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Email Isn't Enough: Why Customer Engagement Needs to Spread Across Multiple Channels

Confession: about two years ago I stopped answering my phone unless I recognized the number or it was already in my database.

Both my work line and cell phone. They ring all the time, and it’s rarely a conversation I initiated.

So I made the choice to either fend off unwanted solicitations all day, or just disengage. If it’s important enough, they’ll leave a voicemail or follow up through email.

Most don’t. So I just ignore 95% of my calls. I’m betting many of you have done the same.

Email is quickly heading in the same direction.

It’s already hard to cut through the clutter to get the attention of your target audience. It’s about to get even harder.

The key to ongoing engagement in a world full of noise and clutter is multiple touchpoints. Just as phone calls aren’t enough to capture people, email alone isn’t a reliable customer engagement strategy.

To consistently engage today’s consumer you need to develop at least two ongoing touchpoints. Email may be one, but it’s not enough. If you want to keep customers close to the brand, social media connections may be necessary. A blog. A private forum or a LinkedIn Group.

Or it could be a mobile app.

A loyalty program. 

This is why member benefits are so important to associations and subscription businesses. Repeat transactions and ongoing engagement are often the result of frequent displays of relevance.

You can't let the conversation go silent.

Think Beyond Email

Email is at a crossroads. It’s still the most effective way to communicate a message to a large group, don’t get me wrong. The problem is, everyone knows that, so nearly everyone sends emails.

According to data from Radicati there are around 2.6 billion people using email worldwide. They send 205 billion messages every day. That’s almost 80 email messages per account.

It’s even worse if it’s a business account - those pull in over 110 per day.

Loyalty Statistics The Ultimate CollectionIf that were all we had to contend with, that’d be okay. But people aren’t paid to go through their inboxes. No one has “reach inbox zero daily” on their job responsibilities. Managing email has become a cottage productivity industry all its own.

On top of that, we’re bombarded with branding messages all over the place. My estimate is each person sees 10,000 messages every day.

There’s a lot of noise, and not much signal out there. Email is still essential, but it’s important to develop multiple touchpoints with your customers. The more you get them to connect, the better shot you have at maintaining ongoing engagement.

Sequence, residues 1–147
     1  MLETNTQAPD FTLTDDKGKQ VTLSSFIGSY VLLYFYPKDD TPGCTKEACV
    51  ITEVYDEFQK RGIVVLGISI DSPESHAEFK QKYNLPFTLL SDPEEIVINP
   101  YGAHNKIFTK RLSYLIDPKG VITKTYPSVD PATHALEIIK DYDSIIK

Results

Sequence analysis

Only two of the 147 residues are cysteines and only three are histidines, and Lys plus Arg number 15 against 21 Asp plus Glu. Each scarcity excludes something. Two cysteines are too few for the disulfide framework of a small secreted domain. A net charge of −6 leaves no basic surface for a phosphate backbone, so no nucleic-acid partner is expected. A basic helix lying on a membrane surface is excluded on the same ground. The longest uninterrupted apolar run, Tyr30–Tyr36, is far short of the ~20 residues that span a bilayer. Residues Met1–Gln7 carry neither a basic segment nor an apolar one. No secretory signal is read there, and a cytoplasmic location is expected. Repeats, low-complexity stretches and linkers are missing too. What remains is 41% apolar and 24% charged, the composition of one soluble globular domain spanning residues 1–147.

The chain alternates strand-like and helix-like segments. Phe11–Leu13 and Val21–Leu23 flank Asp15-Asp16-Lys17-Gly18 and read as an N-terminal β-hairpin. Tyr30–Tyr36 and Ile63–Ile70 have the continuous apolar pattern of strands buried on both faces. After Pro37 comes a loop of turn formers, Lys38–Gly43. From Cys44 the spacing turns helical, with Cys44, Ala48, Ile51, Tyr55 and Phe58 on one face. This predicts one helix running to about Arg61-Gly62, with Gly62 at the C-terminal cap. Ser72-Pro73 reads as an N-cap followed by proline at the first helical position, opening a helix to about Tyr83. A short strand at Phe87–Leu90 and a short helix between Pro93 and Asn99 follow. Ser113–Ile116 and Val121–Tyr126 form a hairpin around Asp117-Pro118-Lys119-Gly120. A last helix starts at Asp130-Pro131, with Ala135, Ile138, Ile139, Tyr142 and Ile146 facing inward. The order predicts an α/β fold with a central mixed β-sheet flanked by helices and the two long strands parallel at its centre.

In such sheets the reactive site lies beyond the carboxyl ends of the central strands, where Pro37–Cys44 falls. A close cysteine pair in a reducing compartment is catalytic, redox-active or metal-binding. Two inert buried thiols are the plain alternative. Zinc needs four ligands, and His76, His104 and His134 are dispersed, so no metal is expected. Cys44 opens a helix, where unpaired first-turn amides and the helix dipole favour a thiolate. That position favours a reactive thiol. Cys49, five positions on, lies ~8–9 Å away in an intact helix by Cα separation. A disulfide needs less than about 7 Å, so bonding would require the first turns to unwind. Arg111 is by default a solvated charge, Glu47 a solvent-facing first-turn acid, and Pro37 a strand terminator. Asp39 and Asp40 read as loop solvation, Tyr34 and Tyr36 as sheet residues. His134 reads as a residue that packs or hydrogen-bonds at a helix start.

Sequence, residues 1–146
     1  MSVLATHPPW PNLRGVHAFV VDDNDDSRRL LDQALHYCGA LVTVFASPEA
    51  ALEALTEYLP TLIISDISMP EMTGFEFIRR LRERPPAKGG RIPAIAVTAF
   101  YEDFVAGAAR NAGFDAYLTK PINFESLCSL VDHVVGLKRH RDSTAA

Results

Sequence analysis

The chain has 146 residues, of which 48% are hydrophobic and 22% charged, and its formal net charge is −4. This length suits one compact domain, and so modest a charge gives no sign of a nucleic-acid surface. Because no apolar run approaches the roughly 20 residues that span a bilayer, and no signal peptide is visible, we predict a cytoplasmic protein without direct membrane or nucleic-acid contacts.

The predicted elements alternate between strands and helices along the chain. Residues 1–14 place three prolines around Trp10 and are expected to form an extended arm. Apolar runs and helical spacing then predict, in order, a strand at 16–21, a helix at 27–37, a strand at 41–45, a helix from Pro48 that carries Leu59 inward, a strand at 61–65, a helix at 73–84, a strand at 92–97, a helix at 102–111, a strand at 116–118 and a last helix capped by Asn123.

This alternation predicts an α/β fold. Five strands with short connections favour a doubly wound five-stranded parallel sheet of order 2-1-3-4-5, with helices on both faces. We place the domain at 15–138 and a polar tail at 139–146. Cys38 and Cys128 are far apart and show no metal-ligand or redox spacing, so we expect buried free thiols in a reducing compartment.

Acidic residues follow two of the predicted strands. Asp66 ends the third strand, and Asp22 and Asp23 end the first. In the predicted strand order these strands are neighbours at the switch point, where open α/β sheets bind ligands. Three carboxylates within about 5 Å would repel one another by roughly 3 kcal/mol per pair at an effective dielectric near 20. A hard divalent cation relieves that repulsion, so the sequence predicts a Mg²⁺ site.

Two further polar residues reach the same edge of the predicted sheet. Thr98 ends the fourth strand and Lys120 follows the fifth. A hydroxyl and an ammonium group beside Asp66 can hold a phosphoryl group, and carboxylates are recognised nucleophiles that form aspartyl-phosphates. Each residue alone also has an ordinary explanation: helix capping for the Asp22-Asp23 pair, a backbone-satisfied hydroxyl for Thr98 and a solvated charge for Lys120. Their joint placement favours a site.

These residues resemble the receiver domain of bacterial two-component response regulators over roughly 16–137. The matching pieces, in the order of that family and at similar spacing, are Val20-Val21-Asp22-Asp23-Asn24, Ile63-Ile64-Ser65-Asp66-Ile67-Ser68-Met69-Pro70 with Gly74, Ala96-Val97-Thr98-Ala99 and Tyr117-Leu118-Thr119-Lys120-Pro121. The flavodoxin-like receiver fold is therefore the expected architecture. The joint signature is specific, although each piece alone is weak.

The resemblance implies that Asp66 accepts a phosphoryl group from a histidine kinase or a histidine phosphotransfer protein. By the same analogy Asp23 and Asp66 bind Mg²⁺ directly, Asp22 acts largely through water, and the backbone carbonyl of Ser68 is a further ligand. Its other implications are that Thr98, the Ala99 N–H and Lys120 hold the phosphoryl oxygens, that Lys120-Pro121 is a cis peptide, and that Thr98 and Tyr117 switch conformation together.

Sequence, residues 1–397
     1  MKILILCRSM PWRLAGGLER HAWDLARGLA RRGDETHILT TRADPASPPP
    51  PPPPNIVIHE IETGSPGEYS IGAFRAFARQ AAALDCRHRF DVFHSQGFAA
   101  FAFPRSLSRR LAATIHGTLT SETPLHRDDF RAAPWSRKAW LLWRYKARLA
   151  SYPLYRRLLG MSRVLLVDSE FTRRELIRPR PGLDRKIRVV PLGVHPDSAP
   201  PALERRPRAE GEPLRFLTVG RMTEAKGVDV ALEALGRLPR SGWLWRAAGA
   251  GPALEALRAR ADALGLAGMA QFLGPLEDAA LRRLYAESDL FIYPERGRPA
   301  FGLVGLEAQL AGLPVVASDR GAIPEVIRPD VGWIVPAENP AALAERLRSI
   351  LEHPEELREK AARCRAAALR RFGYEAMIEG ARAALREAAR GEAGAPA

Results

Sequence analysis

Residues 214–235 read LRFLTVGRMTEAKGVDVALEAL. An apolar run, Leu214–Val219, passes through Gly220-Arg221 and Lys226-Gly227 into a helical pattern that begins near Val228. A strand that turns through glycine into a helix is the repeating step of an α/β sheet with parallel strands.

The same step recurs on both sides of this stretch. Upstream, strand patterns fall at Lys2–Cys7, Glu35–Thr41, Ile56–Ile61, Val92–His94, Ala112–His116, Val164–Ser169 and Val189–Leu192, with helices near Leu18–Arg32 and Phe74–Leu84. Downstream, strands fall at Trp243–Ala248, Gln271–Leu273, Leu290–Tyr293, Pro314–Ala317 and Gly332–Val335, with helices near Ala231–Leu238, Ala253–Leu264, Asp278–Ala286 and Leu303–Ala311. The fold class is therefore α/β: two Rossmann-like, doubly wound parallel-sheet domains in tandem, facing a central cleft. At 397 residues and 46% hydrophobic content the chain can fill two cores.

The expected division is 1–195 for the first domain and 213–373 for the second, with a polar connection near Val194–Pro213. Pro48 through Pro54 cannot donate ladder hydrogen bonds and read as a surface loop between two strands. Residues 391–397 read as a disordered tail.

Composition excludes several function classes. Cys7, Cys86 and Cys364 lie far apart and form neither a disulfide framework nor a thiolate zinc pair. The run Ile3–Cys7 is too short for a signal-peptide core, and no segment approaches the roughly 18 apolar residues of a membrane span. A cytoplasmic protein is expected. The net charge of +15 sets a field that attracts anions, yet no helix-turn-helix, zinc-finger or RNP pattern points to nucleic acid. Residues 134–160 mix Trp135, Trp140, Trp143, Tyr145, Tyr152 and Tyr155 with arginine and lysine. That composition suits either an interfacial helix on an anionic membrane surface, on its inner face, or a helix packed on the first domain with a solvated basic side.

Why Incredible Content Isn’t Enough

The conversation around communications used to be “be smarter, have 10x content, and people will find you.” I’m not sure that’s the case any more. There’s too much noise, and now there are systems built to filter out as much of that noise as possible.

The major email providers have built-in spam filters that are overly protective. Microsoft Outlook, the most popular office email client, has a feature called Clutter that hides “low priority” emails in a subfolder of your inbox.

Social media has big hurdles also. Facebook goes out of its way to hide unpaid brand posts, and LinkedIn has an algorithm that buries a lot of content.

Amazing content isn’t enough. You have to sell your message, and you have to do so across multiple platforms. Don’t assume your customers and targets are going to find you, because they probably won’t.

Go where they are. That could be segmented forums like Reddit, or even the comment section of a popular blog. They could be on Snapchat, or Instagram.

It could also be a mobile app with some sort of engagement functions (many of our clients utilize mobile coupons for this exact purpose).

The point is you have to build more bridges. Email alone isn’t enough. Incredible content isn’t enough. It must be hustled to whatever platform your audience is lingering on, plus multiple other channels.

The good news is that when you place amazing content in front of them, in their channel of preference, they’ll become more engaged. They’ll listen and look for you - giving you permission to solidify the relationship and seal their loyalty.

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Topics: Customer Engagement

Written by: Brandon Carter

Brandon is a former writer and marketer for Access Development. He's a frequent blogger on customer and employee engagement & loyalty, consumer trends, and branding. Connect with him on LinkedIn or Twitter at @bscarter

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